‘Flowers’ left me wilted
Sometimes life brings some strange surprises. And sometimes the Speakeasy brings some strange movies.The first sentence is the tag line of “Broken Flowers.” The latter is a sentiment spoken aloud by a woman walking alone out of the movie. Her specific words to me: “That was weird.”I had to agree. And I’d add: Slow and a little dissatisfying.Of course, Bill Murray delivers an excellent performance as Don Johnston, an emotionally-detached, aging playboy who receives a mysterious letter from a woman he dated 20 years ago, saying they have a son. Only, he doesn’t know which woman, and she doesn’t sign her name. So begins the mystery – at least for Don’s neighbor, Winston (Jeffrey Wright), who’s much more interested in Don’s love life than the bachelor is.
The thing is, Winston’s wrapped up in solving the mystery, but if we buy into the game, we’ll regret it because we won’t find answers. Wright and Murray play off of each other in a subtly humorous way. But I wouldn’t exactly call this a comedy. Long gone are the days of Murray pounding out the loud and boisterous laughs of “Saturday Night Live.” With his age seems to have come a more mature humor – and sometimes it works better than others.”Lost in Translation” still stands as one of my favorite movies. There, his humor, charm and flat affect worked. And not letting the audience hear what he whispered to the young girl worked also.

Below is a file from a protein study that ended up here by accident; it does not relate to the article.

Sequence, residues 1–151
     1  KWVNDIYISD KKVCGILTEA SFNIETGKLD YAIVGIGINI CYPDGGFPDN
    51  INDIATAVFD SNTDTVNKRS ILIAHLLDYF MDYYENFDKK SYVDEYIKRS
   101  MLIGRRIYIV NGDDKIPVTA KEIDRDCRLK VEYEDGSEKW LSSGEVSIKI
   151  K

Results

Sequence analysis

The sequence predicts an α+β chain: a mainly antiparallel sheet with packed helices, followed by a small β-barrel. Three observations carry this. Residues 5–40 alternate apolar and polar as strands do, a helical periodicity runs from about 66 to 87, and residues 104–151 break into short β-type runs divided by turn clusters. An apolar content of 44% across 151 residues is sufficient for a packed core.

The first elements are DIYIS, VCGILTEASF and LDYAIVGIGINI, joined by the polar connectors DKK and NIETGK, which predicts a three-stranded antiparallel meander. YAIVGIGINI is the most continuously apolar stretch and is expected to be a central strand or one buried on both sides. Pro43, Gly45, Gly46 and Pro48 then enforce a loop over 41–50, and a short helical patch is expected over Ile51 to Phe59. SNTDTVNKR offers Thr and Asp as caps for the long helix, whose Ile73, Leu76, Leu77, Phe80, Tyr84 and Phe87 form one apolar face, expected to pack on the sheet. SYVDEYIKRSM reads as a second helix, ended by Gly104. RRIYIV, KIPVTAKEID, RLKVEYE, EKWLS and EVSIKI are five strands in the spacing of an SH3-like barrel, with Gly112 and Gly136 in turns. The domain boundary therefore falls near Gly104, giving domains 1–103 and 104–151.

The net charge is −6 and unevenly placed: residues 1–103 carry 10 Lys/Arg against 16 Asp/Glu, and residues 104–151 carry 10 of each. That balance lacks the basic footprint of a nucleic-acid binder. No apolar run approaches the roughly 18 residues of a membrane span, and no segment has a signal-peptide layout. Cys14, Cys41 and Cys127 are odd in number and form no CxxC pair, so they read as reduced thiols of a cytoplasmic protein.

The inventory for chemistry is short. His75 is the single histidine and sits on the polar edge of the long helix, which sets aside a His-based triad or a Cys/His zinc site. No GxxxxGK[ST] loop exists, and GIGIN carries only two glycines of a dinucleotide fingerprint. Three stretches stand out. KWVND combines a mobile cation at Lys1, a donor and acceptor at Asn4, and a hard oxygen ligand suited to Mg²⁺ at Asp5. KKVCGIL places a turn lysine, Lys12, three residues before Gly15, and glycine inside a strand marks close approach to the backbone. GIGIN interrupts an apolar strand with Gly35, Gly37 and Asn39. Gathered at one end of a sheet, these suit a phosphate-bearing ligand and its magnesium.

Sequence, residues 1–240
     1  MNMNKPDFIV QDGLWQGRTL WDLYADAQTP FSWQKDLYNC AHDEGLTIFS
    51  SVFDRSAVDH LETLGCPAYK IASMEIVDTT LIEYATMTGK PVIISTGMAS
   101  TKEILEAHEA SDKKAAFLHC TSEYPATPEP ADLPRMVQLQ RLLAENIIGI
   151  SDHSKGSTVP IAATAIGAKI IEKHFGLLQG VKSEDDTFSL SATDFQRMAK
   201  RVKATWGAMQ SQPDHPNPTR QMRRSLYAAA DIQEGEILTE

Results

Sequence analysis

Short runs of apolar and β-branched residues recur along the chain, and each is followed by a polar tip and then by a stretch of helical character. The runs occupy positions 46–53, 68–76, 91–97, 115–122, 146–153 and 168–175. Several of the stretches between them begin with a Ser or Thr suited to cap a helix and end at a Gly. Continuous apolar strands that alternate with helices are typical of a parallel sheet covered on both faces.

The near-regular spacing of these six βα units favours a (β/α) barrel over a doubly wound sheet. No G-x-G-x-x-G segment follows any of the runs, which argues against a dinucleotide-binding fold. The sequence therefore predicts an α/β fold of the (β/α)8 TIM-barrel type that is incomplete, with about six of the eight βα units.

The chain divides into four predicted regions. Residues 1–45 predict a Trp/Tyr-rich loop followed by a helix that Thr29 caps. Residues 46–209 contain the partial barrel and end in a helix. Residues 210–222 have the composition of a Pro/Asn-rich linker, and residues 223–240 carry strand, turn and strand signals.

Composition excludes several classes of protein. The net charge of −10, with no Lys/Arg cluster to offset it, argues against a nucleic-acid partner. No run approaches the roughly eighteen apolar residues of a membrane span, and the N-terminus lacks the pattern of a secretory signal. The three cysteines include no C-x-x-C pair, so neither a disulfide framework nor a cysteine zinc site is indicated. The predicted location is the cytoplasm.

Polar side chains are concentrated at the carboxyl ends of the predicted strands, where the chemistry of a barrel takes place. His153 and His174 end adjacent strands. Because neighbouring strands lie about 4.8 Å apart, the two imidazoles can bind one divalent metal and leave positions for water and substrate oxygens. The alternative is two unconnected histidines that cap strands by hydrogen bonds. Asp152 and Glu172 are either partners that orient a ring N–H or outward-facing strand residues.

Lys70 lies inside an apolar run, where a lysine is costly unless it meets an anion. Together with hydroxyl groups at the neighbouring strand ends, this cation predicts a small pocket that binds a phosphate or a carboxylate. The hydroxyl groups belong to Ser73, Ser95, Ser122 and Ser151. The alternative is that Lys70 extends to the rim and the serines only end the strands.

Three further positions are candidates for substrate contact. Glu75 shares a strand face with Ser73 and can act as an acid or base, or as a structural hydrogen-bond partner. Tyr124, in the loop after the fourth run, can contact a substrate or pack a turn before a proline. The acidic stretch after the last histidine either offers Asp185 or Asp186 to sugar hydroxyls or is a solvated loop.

“Broken Flowers” attempts a similar stunt – only bolder – and in my opinion, it doesn’t work. Instead of intriguing me, it left me a little miffed; I sat through Murray sitting and staring at a glass of champagne for minutes on end. I patiently watched as he drove the long roads from one old girlfriend’s house to another. So I think I deserve a more satisfying ending.Sure, filmmaker Jim Jarmusch gives us clues. It could be this. It’s probably that. But for all the time he took to painstakingly set up characters at the beginning of the movie, he didn’t set the scenario well enough for me to arrive at a satisfying conclusion.I imagine some people will love this movie. It’s sort of the Zen of setting a man in motion after he emotionally shuts down. Don’s interactions and his delicate adjustments to each of his ex-lovers is somewhat fascinating, as are a few of their life stories. Sharon Stone even mocks her own youthful sexual boldness through her character’s daughter. But after reaching for meaning, for solutions or for something riveting in the movie, I came up short. Sure, I can manufacture the meaning of a man’s search; I can come up with plausible “answers”; and I can say that Murray and Wright’s performances were indeed riveting. But somehow, the movie just doesn’t bloom to its fullest. And it leaves me feeling a little wilted.
Support Local Journalism
Support Local Journalism
As a Summit Daily News reader, you make our work possible.
Now more than ever, your financial support is critical to help us keep our communities informed about the evolving coronavirus pandemic and the impact it is having on our residents and businesses. Every contribution, no matter the size, will make a difference.
Your donation will be used exclusively to support quality, local journalism.
Start a dialogue, stay on topic and be civil.
If you don't follow the rules, your comment may be deleted.
User Legend: Moderator Trusted User